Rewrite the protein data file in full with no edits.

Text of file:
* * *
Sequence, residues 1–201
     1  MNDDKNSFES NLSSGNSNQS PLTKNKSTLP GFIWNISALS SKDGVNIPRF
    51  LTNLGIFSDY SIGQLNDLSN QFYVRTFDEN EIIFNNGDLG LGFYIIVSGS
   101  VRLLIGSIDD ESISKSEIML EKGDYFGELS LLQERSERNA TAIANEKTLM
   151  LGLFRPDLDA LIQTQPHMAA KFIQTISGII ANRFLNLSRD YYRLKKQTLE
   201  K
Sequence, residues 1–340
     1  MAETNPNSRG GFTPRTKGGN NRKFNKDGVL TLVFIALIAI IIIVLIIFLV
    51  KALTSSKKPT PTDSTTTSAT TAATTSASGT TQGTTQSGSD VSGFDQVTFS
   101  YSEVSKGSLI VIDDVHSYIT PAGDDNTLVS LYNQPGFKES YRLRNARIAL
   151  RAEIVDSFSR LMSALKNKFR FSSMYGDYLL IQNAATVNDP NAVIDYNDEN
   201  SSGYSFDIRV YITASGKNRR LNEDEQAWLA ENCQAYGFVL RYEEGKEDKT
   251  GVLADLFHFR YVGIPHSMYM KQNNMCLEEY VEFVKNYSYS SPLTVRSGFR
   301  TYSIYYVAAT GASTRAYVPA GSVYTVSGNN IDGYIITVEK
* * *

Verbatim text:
Sequence, residues 1–201
     1  MNDDKNSFES NLSSGNSNQS PLTKNKSTLP GFIWNISALS SKDGVNIPRF
    51  LTNLGIFSDY SIGQLNDLSN QFYVRTFDEN EIIFNNGDLG LGFYIIVSGS
   101  VRLLIGSIDD ESISKSEIML EKGDYFGELS LLQERSERNA TAIANEKTLM
   151  LGLFRPDLDA LIQTQPHMAA KFIQTISGII ANRFLNLSRD YYRLKKQTLE
   201  K
Sequence, residues 1–340
     1  MAETNPNSRG GFTPRTKGGN NRKFNKDGVL TLVFIALIAI IIIVLIIFLV
    51  KALTSSKKPT PTDSTTTSAT TAATTSASGT TQGTTQSGSD VSGFDQVTFS
   101  YSEVSKGSLI VIDDVHSYIT PAGDDNTLVS LYNQPGFKES YRLRNARIAL
   151  RAEIVDSFSR LMSALKNKFR FSSMYGDYLL IQNAATVNDP NAVIDYNDEN
   201  SSGYSFDIRV YITASGKNRR LNEDEQAWLA ENCQAYGFVL RYEEGKEDKT
   251  GVLADLFHFR YVGIPHSMYM KQNNMCLEEY VEFVKNYSYS SPLTVRSGFR
   301  TYSIYYVAAT GASTRAYVPA GSVYTVSGNN IDGYIITVEK